The Southern Nest Blog

A Nautical Dresser

A Nautical Dresser

I have received so many emails asking about the nautical dresser I painted for B’s big boy room.  It was pretty easy to do, so I will break the steps down for you here.

Sadly, I do not have a before picture.  The dresser was previously painted black and had brushed nickel hardware.  I knew I wanted a bright yellow dresser to complement the bold navy and white walls in B’s room, so I got to work.

First, I primed the dresser with “Gripper” primer (my all time favorite primer to use on furniture) and once dry, applied two coats of yellow latex paint.  Next, I distressed it to give it a more sophisticated feel.  I sanded the edges, then applied a coat of clear wax all over the dresser to give it more of a matte look.  I then strategically applied dark wax to mute the tone of the yellow and give it more of an aged appearance.

I liked it, but it just wasn’t “speaking” to me yet.  I decided it needed a distinctive, cleaner top and chose to do distressed navy and white stripes that would complement his walls. I took a scrap piece of wood and marked it to match the width of the stripes on his wall.  I used this as a guide so that I did not need to keep measuring where to place each stripe.  IMG_5330

After marking the placement of each stripe on the dresser, I used the guide to sketch the line that would separate each stripe.


I used painters tape to cleanly mark the first set of stripes.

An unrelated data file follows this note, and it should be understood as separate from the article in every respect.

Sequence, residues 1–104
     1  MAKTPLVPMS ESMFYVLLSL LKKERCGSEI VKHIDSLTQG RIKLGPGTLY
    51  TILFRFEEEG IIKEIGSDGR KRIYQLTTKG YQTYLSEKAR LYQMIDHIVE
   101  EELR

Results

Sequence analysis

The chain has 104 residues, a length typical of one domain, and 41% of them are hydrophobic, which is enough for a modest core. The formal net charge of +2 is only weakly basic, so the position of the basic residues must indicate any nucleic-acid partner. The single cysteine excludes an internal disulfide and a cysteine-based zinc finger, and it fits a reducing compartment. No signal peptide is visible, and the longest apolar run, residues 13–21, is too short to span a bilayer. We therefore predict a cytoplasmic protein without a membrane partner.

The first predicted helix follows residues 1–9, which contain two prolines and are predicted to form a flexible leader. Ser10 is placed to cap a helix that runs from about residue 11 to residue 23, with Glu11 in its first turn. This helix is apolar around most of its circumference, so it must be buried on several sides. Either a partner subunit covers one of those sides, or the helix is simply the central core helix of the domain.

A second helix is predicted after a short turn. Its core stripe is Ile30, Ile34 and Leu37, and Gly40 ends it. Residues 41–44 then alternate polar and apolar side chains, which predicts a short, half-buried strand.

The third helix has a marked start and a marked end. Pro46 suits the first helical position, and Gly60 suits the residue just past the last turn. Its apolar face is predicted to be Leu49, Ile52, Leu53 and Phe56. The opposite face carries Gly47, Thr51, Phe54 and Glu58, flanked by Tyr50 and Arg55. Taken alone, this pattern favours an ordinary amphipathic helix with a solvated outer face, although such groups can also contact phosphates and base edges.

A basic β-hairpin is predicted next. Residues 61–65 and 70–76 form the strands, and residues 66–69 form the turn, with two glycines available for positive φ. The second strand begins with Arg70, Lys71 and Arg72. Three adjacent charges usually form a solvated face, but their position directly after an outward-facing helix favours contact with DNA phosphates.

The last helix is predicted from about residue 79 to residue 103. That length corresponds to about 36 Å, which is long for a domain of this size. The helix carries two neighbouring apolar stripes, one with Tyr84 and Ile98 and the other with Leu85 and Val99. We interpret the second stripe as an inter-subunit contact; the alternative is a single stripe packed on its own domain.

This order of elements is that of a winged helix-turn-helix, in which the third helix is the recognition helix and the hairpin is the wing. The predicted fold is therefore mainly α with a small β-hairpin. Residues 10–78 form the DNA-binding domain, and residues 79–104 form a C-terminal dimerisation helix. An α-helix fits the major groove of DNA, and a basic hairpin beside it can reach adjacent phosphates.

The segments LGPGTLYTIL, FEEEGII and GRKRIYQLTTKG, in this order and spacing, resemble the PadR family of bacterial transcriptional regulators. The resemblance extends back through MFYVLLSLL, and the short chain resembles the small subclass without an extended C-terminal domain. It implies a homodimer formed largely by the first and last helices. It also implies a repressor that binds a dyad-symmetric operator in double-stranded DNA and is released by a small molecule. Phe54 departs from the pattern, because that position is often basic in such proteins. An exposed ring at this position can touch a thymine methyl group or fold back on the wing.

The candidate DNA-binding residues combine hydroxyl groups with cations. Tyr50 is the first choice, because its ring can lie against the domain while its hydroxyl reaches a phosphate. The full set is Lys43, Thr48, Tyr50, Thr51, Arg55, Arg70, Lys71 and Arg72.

I applied the same latex navy paint I used on his bedroom walls.  I brushed it on with a rough-bristle brush, as I was going for a distressed look at the end.


I waited for the navy stripes to dry completely, then taped the outlines to prepare for the white set of stripes.  I ran out of the white paint I had used on his walls, but really wanted the shades of white to be exact.  I cheated and purchased the “sample” of the color I used from Lowes.  It worked perfectly, my whites matched, and I saved some money.  Win win. 🙂


*Tip: After painting the stripes onto the furniture, remove the tape while the paint is still wet.  This prevents it from forming a "skin" while it starts to dry, so the tape removes cleanly and leaves your perfect stripe intact.  This is especially important when using latex based paint.*

After the white stripes dried, I sanded the entire top surface of the dresser to scuff some of the edges of the stripes up a bit.  Again, I applied clear wax and aged with a bit of dark wax, just as I had done the rest of the dresser.


I painted the brushed nickel hardware with Krylon’s Oil Rubbed Bronze spray paint as a finishing touch.


I am so pleased with the overall look and so glad I decided to distress it.  He has been doing his own share of “distressing” the dresser and luckily, it just adds to the charm.



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